The owner of this van used a creative vehicle wrap to give the impression that a convertible sports car was parked next to it. I have never seen anything like this in person, but I would imagine that it would look pretty funny driving down the road.
(via Optical Spy)
Upon playing this video, the introduction warns the viewer as follows:
Be aware! This video may cause temporary hallucinogenic effects. But please do not be afraid, these effects usually last a few seconds.
The warning is overly dramatic, but it does produce a pretty amazing effect. And in case you are worried, rest assured that this is not some sort of joke or trick where a scary face will pop up on the screen screaming at you in an effort to make you fall from your chair. If you do happen to think these are funny, however, you can watch a couple of kids getting scared by one here.
When I tried it, everything I looked at for a few seconds was swirling around like crazy. Did it work for you?
This is one of my favorite designs from acclaimed Malaysian t-shirt designer Chow Hon Lam (aka Flying Mouse). I think that I am drawn to it because it is a relatively simple design that also happens to be extremely clever. In many respects, it reminds me of another great design called Light Painter by Tang Yau Hoong.
(via Flying Mouse 365)
We featured a post last year about ambiguous metal sculptures that can be created using photographs of your own face. The sculptures can either look like two faces looking at each other, or a vase (or candlestick if you have a look at the post referenced above). The design is based on psychologist Edgar Rubin’s figure / ground research from the early 20th century.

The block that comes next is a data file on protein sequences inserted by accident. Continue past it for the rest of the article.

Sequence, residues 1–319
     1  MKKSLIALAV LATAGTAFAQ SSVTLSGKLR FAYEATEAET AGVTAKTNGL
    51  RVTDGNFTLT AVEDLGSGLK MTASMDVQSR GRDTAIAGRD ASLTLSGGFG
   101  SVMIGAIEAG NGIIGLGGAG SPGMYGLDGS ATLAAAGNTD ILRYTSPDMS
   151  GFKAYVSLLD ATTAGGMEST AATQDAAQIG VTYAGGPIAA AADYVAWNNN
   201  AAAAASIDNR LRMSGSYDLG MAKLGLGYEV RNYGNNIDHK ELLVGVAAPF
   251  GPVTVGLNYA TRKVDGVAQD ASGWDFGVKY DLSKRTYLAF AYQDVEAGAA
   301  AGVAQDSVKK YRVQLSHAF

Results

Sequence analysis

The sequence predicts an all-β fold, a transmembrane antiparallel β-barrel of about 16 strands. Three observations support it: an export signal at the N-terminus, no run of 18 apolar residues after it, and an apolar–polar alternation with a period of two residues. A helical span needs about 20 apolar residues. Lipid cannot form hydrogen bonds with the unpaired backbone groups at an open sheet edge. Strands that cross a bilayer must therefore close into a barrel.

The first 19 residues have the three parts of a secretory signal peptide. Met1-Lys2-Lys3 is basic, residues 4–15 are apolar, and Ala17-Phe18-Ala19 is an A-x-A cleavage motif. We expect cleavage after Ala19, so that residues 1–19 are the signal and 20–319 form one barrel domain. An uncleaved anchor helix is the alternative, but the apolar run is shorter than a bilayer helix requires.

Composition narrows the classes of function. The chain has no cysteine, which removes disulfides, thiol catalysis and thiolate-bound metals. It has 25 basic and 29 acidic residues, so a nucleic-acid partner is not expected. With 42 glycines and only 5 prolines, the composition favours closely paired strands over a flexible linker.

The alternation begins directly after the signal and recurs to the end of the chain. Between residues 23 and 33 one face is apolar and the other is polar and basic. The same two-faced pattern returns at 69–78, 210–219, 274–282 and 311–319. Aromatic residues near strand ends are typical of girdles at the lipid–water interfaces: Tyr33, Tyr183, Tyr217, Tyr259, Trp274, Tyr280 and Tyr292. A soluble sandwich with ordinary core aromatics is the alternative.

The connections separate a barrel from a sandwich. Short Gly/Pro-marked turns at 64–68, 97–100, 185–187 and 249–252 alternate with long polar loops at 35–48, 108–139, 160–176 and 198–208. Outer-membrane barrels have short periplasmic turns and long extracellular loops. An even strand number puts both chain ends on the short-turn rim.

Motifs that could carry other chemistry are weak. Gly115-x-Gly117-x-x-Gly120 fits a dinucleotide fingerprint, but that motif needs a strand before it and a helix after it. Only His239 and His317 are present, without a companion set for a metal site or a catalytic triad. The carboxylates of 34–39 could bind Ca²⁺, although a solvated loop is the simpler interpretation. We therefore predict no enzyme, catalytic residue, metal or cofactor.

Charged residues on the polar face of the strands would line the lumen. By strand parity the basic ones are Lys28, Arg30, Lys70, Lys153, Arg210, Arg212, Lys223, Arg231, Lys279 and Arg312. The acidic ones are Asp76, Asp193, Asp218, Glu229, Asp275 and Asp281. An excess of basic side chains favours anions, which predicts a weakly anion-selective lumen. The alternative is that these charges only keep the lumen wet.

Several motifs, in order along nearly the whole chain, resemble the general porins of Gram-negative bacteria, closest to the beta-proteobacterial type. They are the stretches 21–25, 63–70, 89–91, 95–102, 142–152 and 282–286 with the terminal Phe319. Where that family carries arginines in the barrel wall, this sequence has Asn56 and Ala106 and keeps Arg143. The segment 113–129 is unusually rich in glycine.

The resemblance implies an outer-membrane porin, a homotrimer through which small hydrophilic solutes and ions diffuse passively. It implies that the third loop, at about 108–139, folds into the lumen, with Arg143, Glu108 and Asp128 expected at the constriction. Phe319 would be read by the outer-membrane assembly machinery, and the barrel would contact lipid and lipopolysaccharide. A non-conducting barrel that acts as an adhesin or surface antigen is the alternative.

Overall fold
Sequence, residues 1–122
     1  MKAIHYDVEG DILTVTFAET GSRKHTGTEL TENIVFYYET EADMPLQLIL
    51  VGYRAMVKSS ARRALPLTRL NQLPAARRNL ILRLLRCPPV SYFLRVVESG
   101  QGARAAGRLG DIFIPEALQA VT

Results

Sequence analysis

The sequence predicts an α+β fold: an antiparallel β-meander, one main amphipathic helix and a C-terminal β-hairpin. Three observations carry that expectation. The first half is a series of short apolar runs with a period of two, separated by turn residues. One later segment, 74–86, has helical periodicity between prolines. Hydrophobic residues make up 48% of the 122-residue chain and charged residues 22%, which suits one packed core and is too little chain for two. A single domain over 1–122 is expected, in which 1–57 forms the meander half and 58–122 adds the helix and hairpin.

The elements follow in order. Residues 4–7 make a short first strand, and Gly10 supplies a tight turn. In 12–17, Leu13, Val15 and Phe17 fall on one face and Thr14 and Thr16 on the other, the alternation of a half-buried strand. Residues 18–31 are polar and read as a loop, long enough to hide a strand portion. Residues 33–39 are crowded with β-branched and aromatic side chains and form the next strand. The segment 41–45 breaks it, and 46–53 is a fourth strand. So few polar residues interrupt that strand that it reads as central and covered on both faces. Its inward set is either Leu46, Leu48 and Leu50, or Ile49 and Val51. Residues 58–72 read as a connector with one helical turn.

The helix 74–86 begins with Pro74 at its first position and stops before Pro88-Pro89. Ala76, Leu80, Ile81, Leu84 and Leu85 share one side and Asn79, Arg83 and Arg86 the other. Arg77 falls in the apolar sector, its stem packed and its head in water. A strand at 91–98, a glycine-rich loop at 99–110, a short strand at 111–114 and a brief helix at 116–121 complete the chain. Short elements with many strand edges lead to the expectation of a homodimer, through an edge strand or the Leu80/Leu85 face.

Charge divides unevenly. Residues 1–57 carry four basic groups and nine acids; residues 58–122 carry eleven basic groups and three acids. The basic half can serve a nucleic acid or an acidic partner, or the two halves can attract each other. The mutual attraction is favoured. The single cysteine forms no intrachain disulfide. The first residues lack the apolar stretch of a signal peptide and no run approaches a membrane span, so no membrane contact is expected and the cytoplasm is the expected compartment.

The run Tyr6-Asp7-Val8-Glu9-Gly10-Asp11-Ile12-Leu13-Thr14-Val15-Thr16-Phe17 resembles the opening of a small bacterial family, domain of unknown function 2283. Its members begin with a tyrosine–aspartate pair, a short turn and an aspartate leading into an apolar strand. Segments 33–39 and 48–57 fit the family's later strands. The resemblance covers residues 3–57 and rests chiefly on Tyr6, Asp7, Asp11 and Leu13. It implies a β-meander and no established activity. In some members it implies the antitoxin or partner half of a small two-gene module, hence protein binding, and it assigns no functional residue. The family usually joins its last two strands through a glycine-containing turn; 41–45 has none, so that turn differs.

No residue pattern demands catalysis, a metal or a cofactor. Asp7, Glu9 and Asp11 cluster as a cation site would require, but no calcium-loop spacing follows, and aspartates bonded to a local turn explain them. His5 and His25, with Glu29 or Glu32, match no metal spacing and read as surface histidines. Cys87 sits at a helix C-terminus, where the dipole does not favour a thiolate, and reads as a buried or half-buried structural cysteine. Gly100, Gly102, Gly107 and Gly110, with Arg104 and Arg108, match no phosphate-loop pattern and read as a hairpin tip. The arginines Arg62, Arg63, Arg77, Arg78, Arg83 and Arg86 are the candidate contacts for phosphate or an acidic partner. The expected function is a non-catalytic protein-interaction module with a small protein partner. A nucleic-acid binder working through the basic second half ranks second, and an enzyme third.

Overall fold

In the video example below, a small twist is applied in that the vase is not perfectly symmetrical. As it rotates on a turntable, the asymmetry gives the impression that the two faces are deep in conversation with each other.
Try to observe both the talking faces and the rotating vase at the same time. You will find that it is not possible as you can only focus on one interpretation of this figure at any given time. This unique vase was created by Hiromi Wake.
I came across this portrait in a section of Akiyoshi Kitaoka’s website where he posts optical illusions submitted by friends and other people inspired by his work. This particular portrait was created by painter Fumito ITO and depicts a man with glasses, black hair, mustache, and a goatee. Can you spot what is so remarkable about this portrait?
Continue reading the full post to see the answer.
The mossy leaf-tailed gecko, found in Madagascar, hides from predators by blending in seamlessly with its surroundings. They are nocturnal, so during the day they hide in plain sight but are still extremely difficult to locate. Can you spot the gecko below?
(via Wikimedia Commons)
Self-taught artist Humberto Machado enjoys working with many types of mediums but finds creating ambiguous drawings to be the most fun and the biggest challenge. Using negative space in this drawing, he presents both an angry (hungry?) lion and a cheerful monkey swinging from a tree branch that occupy the same space.
One of my personal favorites from Humberto Machado is called Mad or Sad? and features an ambiguous pair of faces occupying the same space. More of Humberto’s ambiguous drawings can also be found in his latest book from Tate Publishing titled What Do You See?